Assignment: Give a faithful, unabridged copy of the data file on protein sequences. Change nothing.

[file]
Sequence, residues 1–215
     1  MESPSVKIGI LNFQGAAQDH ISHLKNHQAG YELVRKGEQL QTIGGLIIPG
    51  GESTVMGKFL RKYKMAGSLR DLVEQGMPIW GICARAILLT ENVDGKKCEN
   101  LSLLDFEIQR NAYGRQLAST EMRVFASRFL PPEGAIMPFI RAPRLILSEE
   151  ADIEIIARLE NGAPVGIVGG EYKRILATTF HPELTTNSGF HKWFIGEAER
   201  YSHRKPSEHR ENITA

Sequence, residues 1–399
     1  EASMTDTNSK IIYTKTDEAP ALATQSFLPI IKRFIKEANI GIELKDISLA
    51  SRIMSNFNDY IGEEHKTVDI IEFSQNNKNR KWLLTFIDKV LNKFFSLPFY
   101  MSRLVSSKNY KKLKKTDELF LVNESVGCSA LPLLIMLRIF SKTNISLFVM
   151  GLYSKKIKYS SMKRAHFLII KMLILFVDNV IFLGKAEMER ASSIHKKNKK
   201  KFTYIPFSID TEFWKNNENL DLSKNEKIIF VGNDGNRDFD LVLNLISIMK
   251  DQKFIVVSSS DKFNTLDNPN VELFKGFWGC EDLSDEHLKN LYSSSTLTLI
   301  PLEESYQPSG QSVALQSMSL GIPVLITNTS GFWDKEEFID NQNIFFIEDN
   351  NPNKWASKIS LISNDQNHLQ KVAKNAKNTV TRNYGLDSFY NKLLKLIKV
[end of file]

Sequence, residues 1–215
     1  MESPSVKIGI LNFQGAAQDH ISHLKNHQAG YELVRKGEQL QTIGGLIIPG
    51  GESTVMGKFL RKYKMAGSLR DLVEQGMPIW GICARAILLT ENVDGKKCEN
   101  LSLLDFEIQR NAYGRQLAST EMRVFASRFL PPEGAIMPFI RAPRLILSEE
   151  ADIEIIARLE NGAPVGIVGG EYKRILATTF HPELTTNSGF HKWFIGEAER
   201  YSHRKPSEHR ENITA

Sequence, residues 1–399
     1  EASMTDTNSK IIYTKTDEAP ALATQSFLPI IKRFIKEANI GIELKDISLA
    51  SRIMSNFNDY IGEEHKTVDI IEFSQNNKNR KWLLTFIDKV LNKFFSLPFY
   101  MSRLVSSKNY KKLKKTDELF LVNESVGCSA LPLLIMLRIF SKTNISLFVM
   151  GLYSKKIKYS SMKRAHFLII KMLILFVDNV IFLGKAEMER ASSIHKKNKK
   201  KFTYIPFSID TEFWKNNENL DLSKNEKIIF VGNDGNRDFD LVLNLISIMK
   251  DQKFIVVSSS DKFNTLDNPN VELFKGFWGC EDLSDEHLKN LYSSSTLTLI
   301  PLEESYQPSG QSVALQSMSL GIPVLITNTS GFWDKEEFID NQNIFFIEDN
   351  NPNKWASKIS LISNDQNHLQ KVAKNAKNTV TRNYGLDSFY NKLLKLIKV